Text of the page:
Pink Heals brings hope, promise to Madison
MADISON – “Pink” was the word.
The Pink Heals Tour arrived in Madison on Oct. 16 with five pink fire trucks, each affectionately with a female name, Capt. Russ Kennington with Madison Fire & Rescue Department said.
The tour also included a pink emergency vehicle, a 15-foot tall Ribbon of Hope and the Pink Heals tour bus parked for inspection at the Madison Hospital professional building.
Founded in 2007, Pink Heals is dedicated to people battling cancer, especially women. Using the theme of public safety, the pink fire trucks represent their vision to put people first instead of causes (pinkfiretrucks.org).
“These apparatus, along with the 10 men and women drivers, are committed to their charity’s ability to bring about long-lasting change in people’s lives by helping to create immediate funds for individual communities through their first responders,” Kennington said.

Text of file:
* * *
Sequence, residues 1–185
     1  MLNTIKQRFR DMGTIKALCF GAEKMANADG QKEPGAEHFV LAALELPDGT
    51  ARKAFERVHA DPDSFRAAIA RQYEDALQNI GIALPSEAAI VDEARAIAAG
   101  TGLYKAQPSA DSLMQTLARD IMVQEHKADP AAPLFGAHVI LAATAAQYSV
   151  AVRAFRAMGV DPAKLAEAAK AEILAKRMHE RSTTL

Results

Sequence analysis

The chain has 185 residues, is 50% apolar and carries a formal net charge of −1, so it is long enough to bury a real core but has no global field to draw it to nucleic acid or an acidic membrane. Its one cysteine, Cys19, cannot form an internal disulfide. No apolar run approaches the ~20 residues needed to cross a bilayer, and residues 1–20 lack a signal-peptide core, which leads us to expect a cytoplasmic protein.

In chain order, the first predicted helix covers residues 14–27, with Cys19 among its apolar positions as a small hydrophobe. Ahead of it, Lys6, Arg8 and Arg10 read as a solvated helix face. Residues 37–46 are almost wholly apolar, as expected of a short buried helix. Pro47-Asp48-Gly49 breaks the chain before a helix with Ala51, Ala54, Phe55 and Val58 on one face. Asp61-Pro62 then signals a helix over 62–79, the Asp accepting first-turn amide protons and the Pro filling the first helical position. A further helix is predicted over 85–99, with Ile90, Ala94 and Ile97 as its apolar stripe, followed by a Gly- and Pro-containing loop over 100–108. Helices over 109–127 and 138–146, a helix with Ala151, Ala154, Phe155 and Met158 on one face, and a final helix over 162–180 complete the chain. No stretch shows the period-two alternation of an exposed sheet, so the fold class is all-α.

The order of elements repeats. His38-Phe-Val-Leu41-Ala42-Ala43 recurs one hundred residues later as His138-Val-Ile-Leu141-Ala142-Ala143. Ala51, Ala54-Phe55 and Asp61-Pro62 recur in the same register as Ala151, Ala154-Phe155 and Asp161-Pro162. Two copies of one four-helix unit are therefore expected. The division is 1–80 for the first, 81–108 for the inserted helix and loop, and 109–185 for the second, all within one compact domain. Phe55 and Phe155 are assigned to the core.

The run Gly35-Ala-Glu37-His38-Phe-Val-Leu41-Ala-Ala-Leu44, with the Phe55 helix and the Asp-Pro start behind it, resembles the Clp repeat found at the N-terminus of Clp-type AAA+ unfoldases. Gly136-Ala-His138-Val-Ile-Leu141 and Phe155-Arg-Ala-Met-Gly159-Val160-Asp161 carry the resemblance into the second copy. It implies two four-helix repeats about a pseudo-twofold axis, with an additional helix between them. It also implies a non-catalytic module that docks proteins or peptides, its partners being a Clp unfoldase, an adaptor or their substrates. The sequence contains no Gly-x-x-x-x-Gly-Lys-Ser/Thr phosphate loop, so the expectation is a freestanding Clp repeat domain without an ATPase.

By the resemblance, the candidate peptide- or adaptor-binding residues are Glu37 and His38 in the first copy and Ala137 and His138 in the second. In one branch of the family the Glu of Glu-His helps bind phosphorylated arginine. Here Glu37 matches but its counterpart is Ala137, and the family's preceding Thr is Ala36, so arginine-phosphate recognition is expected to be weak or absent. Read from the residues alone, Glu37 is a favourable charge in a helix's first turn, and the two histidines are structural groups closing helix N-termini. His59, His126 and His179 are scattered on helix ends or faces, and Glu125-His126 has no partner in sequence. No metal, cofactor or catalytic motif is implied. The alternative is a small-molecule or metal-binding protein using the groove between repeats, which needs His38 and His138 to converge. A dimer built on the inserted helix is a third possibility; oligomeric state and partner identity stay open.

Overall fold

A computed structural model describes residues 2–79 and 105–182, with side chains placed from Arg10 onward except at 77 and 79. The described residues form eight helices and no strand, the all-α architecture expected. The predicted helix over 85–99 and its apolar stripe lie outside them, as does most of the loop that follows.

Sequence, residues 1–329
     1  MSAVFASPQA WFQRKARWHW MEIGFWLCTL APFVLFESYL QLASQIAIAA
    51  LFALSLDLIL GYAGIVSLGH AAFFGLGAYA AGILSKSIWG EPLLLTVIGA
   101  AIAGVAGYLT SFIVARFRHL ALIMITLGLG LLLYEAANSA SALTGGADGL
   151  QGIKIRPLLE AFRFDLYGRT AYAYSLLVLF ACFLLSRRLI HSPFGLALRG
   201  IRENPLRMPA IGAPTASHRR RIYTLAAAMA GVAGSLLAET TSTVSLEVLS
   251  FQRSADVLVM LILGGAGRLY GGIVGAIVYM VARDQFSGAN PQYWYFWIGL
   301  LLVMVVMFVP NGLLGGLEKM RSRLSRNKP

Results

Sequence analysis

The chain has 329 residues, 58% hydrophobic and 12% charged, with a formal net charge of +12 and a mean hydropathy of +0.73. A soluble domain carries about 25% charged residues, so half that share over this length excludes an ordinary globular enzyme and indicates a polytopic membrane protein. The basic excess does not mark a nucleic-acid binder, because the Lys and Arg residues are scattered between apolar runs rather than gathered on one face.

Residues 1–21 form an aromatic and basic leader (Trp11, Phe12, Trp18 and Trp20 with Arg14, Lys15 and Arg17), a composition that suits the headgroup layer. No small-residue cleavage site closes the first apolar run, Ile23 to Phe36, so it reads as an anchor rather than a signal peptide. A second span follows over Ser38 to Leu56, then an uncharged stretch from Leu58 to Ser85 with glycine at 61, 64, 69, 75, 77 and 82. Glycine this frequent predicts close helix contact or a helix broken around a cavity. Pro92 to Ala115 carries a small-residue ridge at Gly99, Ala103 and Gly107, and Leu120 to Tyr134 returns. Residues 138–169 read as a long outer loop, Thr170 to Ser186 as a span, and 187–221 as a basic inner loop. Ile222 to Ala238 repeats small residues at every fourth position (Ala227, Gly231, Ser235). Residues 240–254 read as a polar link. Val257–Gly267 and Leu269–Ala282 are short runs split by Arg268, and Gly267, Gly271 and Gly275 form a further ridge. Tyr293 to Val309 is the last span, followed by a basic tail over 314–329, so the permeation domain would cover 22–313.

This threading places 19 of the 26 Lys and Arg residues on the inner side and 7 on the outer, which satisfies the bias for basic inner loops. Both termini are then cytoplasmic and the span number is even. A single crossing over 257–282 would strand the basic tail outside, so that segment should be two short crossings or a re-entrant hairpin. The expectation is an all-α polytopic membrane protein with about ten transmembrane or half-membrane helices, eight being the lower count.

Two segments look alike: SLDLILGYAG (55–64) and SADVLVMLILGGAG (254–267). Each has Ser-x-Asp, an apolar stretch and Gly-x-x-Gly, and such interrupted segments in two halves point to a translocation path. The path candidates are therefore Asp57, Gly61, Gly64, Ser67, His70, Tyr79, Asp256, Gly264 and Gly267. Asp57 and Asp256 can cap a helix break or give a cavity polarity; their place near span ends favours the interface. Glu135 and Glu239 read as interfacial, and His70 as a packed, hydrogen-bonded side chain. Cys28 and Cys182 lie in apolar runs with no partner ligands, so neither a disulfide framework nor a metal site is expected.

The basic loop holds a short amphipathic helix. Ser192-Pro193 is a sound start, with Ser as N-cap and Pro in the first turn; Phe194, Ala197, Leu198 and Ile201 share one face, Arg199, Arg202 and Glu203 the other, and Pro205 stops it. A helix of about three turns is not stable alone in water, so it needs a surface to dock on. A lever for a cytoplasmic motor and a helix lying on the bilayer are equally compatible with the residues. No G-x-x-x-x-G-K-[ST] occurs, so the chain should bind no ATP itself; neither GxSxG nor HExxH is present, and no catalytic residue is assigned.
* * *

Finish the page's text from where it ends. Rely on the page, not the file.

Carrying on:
Gigi’s Cupcakes, First Response towing, Madison Hospital Breast Center, Painted Bra Art Project and Madison firefighters set up booths for food, T-shirts and information. “Money made from sales were donated, wholly or in part, to entities that raise awareness, perform research or support women affected by cancer,” Kennington said.
This venture in Madison started about five years ago, spearheaded by Capt. Jason Tidwell. Fire departments promote fire prevention instead of suppression, and, using that same philosophy, Tidwell guided the Madison department to support Pink Heals.
“Through this commitment, Madison Fire & Rescue, Madison Professional Firefighters Association, Madison Hospital, Pink Heals Tour and many Madison citizens have supported every effort,” Kennington said. “Ten of thousands of dollars have been donated to local causes fighting this disease and supporting local women who continue their fight.”
Madison firefighters often wear pink T-shirts in October to encourage awareness. “Our personnel’s support of this cause comes from their belief that we can beat these diseases. We’ve come so far in battling these diseases and have seen firsthand the positive benefits … of hope.”
“Quoting Christopher Reeve, ‘Once you choose hope, anything’s possible,'” Kennington said.